• Use URLs for your QR codes. Plain text works best unless you have a task that requires a URL for some reason.
  • Label your saved QR codes by name — keep them anonymous. If you want to sort them into separate categories without colour-coding them, save them into appropriately categorised folders, such as “exercise”, “projects” or “DIY”. Alternatively, you may want to sort them by the amount of time they will take. For example, 15 minutes, 30 minutes, 1 hour.

When you’re done creating a QR code, you can save it by simply clicking the save button on the QRStuff site. This will download a PNG. Save all the PNGs you generate in a folder on your computer and move onto the next step once you’ve finished.

Step 2: Print Out Your QR-Encoded Tasks


With all your QR codes generated, you can now print them out. Matte 4×6 photo paper works well because it’s large enough and sturdier without causing unwanted reflections. Alternatively you can just use whatever you have, print out many codes on one sheet and cut them up. This is the cheapest option, but it’s prone to errors and takes more of your time. Whatever you choose will work fine so long as you can’t tell the difference between the codes.

Step 3: Sort Your Codes


With all your QR-encoded tasks printed and ready to go, you just need to organise them the way you want. The easiest method is to dump them all in a box and choose them at random. If all your tasks are the same, you’re good to go. Whenever you have time to work, just pick a task out of the box.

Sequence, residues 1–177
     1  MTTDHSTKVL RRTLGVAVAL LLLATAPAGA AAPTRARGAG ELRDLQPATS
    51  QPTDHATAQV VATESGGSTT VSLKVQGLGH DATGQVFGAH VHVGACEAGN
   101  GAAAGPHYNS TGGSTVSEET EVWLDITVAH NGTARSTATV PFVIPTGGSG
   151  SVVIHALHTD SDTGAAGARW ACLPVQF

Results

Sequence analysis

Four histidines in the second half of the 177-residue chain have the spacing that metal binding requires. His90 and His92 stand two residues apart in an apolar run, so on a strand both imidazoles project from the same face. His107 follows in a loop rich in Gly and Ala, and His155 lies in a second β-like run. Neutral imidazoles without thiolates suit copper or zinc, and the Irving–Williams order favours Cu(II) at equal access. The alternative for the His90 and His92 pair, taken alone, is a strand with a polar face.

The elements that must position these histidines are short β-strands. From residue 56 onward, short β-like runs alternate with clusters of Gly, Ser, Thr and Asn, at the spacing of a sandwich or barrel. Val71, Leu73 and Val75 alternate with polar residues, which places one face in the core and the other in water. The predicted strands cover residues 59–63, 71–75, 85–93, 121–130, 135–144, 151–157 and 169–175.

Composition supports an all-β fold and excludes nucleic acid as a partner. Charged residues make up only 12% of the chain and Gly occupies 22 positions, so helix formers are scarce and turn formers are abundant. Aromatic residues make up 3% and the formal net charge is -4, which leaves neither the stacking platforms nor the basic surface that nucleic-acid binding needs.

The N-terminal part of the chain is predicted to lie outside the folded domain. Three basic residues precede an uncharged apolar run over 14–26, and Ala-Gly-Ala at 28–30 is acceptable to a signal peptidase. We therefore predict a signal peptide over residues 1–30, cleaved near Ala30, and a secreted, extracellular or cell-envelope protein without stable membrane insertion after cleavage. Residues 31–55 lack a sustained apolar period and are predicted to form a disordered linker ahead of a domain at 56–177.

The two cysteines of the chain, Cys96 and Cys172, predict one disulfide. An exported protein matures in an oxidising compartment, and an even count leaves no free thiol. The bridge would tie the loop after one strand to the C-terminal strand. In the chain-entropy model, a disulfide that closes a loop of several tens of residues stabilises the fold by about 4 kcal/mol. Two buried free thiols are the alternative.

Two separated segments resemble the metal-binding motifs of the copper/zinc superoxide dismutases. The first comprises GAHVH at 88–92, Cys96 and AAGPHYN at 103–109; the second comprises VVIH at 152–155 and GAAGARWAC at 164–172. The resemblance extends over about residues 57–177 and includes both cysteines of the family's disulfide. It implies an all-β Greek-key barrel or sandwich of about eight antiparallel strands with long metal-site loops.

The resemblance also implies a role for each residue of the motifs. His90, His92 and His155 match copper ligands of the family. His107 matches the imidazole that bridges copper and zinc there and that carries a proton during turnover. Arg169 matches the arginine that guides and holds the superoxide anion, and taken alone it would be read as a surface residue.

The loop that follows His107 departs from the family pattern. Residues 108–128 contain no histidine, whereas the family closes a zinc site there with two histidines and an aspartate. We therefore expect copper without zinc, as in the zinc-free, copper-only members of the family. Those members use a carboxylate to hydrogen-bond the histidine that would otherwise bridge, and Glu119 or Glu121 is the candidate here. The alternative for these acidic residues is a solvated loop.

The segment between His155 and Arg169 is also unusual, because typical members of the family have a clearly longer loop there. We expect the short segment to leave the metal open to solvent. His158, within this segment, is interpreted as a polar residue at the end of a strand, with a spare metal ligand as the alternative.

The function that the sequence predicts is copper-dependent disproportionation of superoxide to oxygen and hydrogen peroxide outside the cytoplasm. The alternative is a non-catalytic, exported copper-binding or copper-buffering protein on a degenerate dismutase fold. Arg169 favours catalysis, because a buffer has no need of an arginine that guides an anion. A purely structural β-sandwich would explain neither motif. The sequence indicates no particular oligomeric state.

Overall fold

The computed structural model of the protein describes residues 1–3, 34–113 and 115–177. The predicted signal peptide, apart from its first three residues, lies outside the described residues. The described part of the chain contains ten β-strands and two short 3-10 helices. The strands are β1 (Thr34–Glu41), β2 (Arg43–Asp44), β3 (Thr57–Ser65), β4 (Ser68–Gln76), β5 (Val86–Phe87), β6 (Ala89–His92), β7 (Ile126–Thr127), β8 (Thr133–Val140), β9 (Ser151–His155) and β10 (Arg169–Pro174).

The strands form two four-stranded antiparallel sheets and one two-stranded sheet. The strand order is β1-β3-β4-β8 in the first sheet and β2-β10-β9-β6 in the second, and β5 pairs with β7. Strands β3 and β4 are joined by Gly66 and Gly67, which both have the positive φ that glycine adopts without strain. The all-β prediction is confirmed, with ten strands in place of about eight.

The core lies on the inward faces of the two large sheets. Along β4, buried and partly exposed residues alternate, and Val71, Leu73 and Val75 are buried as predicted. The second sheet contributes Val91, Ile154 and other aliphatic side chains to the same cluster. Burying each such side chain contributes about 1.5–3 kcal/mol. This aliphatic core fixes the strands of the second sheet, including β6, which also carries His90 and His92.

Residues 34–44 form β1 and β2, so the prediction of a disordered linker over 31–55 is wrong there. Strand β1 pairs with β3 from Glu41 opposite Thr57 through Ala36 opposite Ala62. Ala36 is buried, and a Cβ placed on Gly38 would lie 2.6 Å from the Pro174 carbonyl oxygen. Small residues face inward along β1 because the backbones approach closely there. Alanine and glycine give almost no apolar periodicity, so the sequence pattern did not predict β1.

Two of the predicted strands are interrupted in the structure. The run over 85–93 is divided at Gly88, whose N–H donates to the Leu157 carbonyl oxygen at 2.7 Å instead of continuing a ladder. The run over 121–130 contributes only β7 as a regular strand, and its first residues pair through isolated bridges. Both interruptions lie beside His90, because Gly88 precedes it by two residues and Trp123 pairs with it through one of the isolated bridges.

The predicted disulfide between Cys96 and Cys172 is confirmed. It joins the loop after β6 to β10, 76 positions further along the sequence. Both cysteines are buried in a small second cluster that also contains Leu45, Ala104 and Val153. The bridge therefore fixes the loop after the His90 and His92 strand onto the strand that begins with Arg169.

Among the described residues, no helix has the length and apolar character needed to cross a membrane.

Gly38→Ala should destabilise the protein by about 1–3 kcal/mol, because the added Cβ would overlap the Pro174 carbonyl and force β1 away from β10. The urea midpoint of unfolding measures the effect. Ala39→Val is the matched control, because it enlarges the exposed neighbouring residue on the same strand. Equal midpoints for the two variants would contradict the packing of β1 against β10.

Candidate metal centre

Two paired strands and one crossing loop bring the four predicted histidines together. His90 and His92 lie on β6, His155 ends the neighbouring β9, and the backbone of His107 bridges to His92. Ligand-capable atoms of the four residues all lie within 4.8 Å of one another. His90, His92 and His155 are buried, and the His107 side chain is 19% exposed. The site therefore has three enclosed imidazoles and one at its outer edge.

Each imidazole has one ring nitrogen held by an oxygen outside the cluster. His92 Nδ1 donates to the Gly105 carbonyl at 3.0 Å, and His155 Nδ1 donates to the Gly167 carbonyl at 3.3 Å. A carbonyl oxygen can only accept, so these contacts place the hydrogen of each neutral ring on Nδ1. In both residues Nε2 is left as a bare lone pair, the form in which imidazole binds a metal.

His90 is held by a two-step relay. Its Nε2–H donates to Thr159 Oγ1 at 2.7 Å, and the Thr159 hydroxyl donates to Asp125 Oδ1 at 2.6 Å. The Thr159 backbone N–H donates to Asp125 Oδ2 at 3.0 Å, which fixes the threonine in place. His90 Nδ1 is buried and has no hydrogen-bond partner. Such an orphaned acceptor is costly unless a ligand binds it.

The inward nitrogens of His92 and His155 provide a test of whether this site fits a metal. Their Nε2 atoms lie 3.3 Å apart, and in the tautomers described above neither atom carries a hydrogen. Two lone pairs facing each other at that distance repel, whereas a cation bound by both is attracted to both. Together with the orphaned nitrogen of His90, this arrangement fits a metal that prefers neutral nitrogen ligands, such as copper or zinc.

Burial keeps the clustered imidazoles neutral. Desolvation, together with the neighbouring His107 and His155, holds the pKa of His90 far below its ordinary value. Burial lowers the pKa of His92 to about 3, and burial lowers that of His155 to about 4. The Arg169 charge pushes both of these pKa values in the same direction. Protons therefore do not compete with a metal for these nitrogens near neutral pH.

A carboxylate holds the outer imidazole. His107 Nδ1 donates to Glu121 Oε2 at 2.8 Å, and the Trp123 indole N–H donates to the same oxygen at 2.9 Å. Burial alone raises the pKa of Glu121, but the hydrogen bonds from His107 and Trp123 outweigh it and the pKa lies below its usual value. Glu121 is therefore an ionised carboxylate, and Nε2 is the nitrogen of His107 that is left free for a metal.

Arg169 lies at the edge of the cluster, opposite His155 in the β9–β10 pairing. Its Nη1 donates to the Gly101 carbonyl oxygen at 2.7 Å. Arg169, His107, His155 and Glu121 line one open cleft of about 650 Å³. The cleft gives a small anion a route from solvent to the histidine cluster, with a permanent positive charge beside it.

If you have a lot of different things you want to do, sorting your tasks is important. One option, as mentioned earlier, is changing the colour of your QR codes so you can look at them and tell what they are . This way you can sort visually without worrying about messing things up. Alternatively, you can sort tasks into manilla folders that are categorised by time or topic, then draw from the one that suits how much time you have or what you want to do.

After completing a task, you can save the QR codes if you want a record of what you’ve done or you can just recycle them. Holding onto the codes provides a visual representation of your accomplishments, so you may feel more productive by keeping them around, and certain tasks (like exercise) can be reused.

All in all, this method of getting things done is pretty straightforward and provides you with a fun way to complete your tasks. It’s not right for every to-do list, but when you have a backlog of projects or regular tasks you want to complete, it can make the process of getting things done a more exciting prospect.


  • Bit of a change from the constant derogatory criticism Lifehacker and Giz offer on QR codes. There are probably many applications of QR codes that could make life interesting.

  • This seems pretty convoluted. Surely it would be easier to latch on to this statement, “Computers can make random choices, but humans can’t” and use a simple list randomiser to spit out a result without all the arts and crafts required with this article.

    You’re going to need a smartphone to read the 2D barcodes anyway!